I am so bored with food right now. When you eat seasonally, transitioning between seasons is always hard, but this time of year is particularly dreary. You are tired of eating frozen berries and mealy apples, but you know you need to clear out the freezer for all the good new stuff that will come. A few wrinkly sweet potatoes and rock-hard squash (what were those called again, celebration squash?) loiter at the bottom of the veggie basket, up to no good with some wayward onion skins. Most sellers at the winter farmer's market in Leesburg seem tired or bored, waiting for the release of spring and summer, oh sweet explosive gorgeous summer. When Mike says he was hoping to see some vegetables, one seller calls out, "No, won't be any vegetables until the end of the month." Haven't seen the carrot guy with his sweet little jewel-bright roots in weeks. The eggs are gorgeous with their perky, deep orange yolks and becoming increasingly abundant, but I feel as though my capacity to come up with things to do with them is waning along with the variety of foods available to me. I look around at the market, I see cupcakes, goat milk soap, honey, and lots of meats--all good stuff--but somehow much has lost its luster.

So what then? I guess I need to kick it in gear, get inspired, get  creative--try things that I might never try otherwise. Dig out the stuff from the back of the freezer and come up with a way to make it interesting (and good, of course). Try something I haven't done before. I've been toying with the idea of making noodles or pasta for a long time. Maybe now would be a good time for that. Maybe I need to learn to make a different bread (I make most of the bread we eat; when we first tried to eat locally and without a lot of industrial ingredients, we discovered quickly that most commercial bread is chock full of weirdness). I tried making sourdough once and failed sadly (tough stuff--should have used it for insulation or in place of concrete barriers), and I've been meaning to try again with another recipe, but I haven't gotten around to it yet.

What I have tried to do recently is to institute Meatless Mondays and to start eating more fish. What both of these attempts have taught me is that I know less about some kinds of food and cooking than I thought. Creating vegetarian meals is hard because they frequently lack a centerpiece; it all seems like sides. They are often complex, too. I started my Meatless Monday career with a great pizza, but it was a fussier recipe than I typically do on a weeknight. (I will be using the pizza dough recipe again, however.)

And, despite my Nordic heritage, I am not much of a fish eater or cook. So far I have made one fish recipe that I like (the recipe is at the end of this post), which is a traditional Swedish dish that, believe it or not, I used to eat in grade school and like (unlike fish balls--gag--or blood pudding--gag even worse). In Swedish it's called mandelfisk, which translates into almond fish, and it's just a nice yummy, breaded fish with nuts (and lots of butter). I like to eat it with boiled Yukon Gold potatoes (or any other nice, buttery yellow-skinned potato) with some melted butter and parsley and some grated carrots, perhaps with a squeeze of lemon or a dash of vinegar. Simple, clean tastes that bring up memories of better times as a kid in Sweden. Like when I spent a week on my aunt and uncle's boat in the Stockholm archipelago, eating a fresh fish stew with butter melting into rings in it ("leaden circles dissolved in the air"), giggling with my cousin while rosy, hot-faced, and sweetly tired from a long day in the sun and wind.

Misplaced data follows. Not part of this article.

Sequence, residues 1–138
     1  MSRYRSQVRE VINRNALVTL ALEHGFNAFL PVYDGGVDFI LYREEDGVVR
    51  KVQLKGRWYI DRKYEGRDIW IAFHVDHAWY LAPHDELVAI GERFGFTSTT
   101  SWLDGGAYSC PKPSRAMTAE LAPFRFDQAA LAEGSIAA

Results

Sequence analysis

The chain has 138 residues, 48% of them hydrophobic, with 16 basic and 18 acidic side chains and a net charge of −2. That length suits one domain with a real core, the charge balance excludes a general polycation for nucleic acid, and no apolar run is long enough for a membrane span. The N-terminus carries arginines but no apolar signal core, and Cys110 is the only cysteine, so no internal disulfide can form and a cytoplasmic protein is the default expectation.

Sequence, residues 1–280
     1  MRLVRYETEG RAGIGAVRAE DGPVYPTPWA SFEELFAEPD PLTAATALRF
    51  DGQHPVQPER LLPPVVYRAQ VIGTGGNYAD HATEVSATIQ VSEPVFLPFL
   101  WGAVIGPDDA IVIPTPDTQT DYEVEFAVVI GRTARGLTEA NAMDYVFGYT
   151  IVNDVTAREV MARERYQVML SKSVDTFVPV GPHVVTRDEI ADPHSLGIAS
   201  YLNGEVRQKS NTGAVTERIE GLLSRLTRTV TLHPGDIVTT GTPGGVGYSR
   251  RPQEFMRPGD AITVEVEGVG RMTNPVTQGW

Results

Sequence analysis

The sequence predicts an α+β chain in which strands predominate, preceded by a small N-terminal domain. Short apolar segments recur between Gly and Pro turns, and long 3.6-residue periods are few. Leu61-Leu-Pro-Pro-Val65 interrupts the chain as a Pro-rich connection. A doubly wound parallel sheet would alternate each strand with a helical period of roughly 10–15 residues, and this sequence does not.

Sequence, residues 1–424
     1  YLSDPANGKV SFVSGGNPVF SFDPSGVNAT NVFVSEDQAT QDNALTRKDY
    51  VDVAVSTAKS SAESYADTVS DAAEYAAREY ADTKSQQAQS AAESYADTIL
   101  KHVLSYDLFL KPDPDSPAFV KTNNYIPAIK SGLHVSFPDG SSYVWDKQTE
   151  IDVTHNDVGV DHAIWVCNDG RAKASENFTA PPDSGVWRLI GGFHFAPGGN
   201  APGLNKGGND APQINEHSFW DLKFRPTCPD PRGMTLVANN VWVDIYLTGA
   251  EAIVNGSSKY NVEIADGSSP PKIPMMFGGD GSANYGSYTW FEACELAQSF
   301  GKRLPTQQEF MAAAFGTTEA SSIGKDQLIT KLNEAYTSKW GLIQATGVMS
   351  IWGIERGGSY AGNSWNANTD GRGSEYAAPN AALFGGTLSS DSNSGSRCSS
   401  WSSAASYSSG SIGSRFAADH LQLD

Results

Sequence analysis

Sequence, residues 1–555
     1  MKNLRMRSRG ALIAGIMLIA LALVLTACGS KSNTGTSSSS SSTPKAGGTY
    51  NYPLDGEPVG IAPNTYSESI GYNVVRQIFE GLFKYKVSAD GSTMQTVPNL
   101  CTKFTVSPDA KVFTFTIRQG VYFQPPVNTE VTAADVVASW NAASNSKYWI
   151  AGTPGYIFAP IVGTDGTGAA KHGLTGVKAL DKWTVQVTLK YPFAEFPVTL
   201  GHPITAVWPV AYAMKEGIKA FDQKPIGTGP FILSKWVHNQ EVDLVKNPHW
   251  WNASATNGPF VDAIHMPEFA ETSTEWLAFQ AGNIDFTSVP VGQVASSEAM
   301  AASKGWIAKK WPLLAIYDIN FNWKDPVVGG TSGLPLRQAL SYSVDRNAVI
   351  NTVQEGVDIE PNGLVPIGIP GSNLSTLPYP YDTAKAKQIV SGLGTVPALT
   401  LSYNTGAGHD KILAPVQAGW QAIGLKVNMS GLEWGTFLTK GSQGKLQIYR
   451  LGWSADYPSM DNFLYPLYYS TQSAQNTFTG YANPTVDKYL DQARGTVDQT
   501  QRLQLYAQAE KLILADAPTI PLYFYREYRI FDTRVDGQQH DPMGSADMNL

4 small files of white-fleshed, flaky fish (I use Chesapeake rockfish, because it's the one fish that I know I can get locally; it's a little strong, but still very tasty)
4 Tbsp butter
1 cup breadcrumbs (fresh preferably, which are really easy to make if you have a food processor: just throw some chunks of fresh bread in and whir it up until it's fine)
1/2 cup flaked almonds (or if you've got whole almonds, you can just chop them, which I discovered in a pinch)
a bunch of fresh parsley, chopped (if you have it); if not, use a Tbsp dried
1 clove garlic, chopped or crushed

  1. Heat your oven to 400 degrees (Fahrenheit)
  2. Butter a baking dish
  3. Rinse your fish files in cold water, pat dry with paper towels, salt and pepper to taste
  4. Place your fish files in the buttered baking dish
  5. Meanwhile, in a pan over medium heat, melt the butter
  6. Add garlic, parsley, breadcrumbs, and almonds; mix everything into a kind of crumble and take it off the heat
  7. Pack the breadcrumb mixture evenly onto the top of your fish files
  8. Put the fish in the oven and let it bake for about 20 minutes, or until the fish is flaky and the breadcrumb mixture is golden brown

Friday, April 8, 2011

So what am I doing with this blog anyway?

For weeks, perhaps months, I have been planning to start this blog about sourcing, making, and eating food, but I have procrastinated. I kept trying to decide what blog service to use and what to call it and what is it going to be about and do I have a point of view that's fresh.I hesitated, hemmed, hawed. A few nights ago, I was trying to sleep and writing my First Blog Post in my head, and I asked myself: What's taking so long? Why haven't you done this yet? The service and the name aren't that big a deal, are they? Then a tiny voice piped up from the back of the room (because I view my mind as a vast conference room with lots of people there to listen to what I have to say--no, I don't really, but I thought it was kind of fun to imagine anyway), so, where was I? Oh yeah, little voice, back of room, said "But what if it isn't any good?" Yeah, you nailed it, tiny voice: I was scared. I am scared. What if this isn't any good? What if no one wants to read what I have to say about food? And what is it exactly that I want to say about food? Food is good. Enjoyed with friends, it's wonderful. A lot of people are out there talking about food. What do I have to bring to the table?